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Wednesday, 3 October 2012

Learning with your under five child

You are your child's first teacher and understand them better than anyone else. By talking to them, playing with them and introducing simple skills you can help them in their future development.

Talking and listening to your child

The quickest development of your child's brain takes place between their birth and the age of two. Your child continues to learn and develop rapidly during the important early years of their life.

By building a few simple learning games into your child's daily routines and helping them investigate their environment, you can help give them the best possible start to their education. 

You help your child to learn by giving them opportunities to:

  • look at interesting things, in the garden or in the home
  • touch a variety of objects
  • listen to a range of sounds like songs, rhymes, stories, music
  • taste a range of flavours
  • investigate things that open, close, float, sink, twist, turn
  • explore objects like large boxes, things that make noises and things that move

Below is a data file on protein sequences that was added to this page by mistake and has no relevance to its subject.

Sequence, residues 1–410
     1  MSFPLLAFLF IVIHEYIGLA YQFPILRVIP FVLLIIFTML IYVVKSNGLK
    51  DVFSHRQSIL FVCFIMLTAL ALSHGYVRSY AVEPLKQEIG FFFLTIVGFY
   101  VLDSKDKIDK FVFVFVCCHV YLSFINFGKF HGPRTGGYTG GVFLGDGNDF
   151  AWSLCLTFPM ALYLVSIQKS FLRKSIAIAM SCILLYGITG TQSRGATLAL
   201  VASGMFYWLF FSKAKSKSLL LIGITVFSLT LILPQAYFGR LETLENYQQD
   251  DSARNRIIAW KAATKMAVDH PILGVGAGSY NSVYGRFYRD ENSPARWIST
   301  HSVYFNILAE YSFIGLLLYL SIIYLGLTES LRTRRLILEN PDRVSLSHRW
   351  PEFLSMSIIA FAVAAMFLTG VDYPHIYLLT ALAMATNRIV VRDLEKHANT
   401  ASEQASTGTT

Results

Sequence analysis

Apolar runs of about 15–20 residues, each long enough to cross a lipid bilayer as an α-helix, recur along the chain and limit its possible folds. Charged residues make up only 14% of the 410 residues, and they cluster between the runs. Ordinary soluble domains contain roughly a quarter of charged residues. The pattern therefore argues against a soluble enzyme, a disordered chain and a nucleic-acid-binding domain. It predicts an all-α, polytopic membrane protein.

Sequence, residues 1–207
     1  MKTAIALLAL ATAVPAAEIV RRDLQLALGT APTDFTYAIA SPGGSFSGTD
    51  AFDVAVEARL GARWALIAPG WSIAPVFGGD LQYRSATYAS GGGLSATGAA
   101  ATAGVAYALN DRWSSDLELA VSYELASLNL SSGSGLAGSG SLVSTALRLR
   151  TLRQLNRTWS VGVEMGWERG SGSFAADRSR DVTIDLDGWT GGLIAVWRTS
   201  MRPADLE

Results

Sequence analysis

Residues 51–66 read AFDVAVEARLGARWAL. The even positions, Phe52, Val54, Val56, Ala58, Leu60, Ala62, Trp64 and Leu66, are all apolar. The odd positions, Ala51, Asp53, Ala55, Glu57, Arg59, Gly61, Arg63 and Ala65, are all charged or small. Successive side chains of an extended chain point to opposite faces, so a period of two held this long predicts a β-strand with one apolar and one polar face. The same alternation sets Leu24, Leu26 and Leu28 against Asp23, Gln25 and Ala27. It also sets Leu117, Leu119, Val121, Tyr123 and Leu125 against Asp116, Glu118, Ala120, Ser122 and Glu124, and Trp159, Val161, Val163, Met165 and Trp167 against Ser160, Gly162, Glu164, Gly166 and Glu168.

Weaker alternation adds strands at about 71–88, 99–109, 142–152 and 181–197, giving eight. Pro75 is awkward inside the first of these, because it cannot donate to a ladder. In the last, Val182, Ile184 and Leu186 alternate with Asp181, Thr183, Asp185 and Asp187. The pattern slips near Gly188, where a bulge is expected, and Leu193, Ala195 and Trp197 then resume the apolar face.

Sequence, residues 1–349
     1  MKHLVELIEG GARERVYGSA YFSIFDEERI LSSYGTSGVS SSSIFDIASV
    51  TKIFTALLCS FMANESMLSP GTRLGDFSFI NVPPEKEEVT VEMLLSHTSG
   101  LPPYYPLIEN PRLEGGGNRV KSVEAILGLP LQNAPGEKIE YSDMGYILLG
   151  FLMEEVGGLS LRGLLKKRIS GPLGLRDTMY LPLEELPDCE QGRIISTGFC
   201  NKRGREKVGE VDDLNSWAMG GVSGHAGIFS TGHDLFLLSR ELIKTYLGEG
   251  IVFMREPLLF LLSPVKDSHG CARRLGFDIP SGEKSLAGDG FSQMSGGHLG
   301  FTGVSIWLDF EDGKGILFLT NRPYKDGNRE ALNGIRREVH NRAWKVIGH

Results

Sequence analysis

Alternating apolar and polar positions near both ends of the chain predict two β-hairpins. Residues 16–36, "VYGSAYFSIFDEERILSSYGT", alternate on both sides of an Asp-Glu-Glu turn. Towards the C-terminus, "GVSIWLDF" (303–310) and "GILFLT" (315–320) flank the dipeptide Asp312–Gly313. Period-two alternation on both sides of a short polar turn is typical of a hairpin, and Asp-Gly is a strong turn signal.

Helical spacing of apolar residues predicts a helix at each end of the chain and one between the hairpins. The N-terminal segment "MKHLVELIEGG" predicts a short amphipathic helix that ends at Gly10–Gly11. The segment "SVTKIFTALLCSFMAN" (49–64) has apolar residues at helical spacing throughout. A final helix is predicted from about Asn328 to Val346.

• play for uninterrupted periods, alone or with others, with help from adults, and in their own way
  • talk to other children and adults

Reading together

Everywhere you go with your child you have a chance to read together. Whether it's on the bus, in shops or at the post office, you can point out the words around you and that's the beginning of reading. Reading stories with your child, even if for just 10 minutes a day, will help to build important skills, as well as capture your child's interest in books.

Learning about numbers and shapes

Counting things and noticing shapes come naturally to children, so you can use your child's interest in these activities to help with maths. Maths skills can be developed through stories, songs, games and imaginative play. Even helping in everyday tasks like telling time or measuring ingredients for cooking, gives children the chance to learn new maths skills.

Spending quality time together

Turning off the television or computer and spending time with your child creates valuable opportunities for learning. Here are a few ideas about activities that your child can learn from:

  • pottering around the garden together teaches children about plant life, insects and animals
  • simple kitchen tasks, like letting your child spread the jam on sandwiches, can give an early lesson in cooking and improve motor skills
  • playing games together teaches fair play and cooperative behaviour
  • family and holiday photos can give lessons in family history and geography

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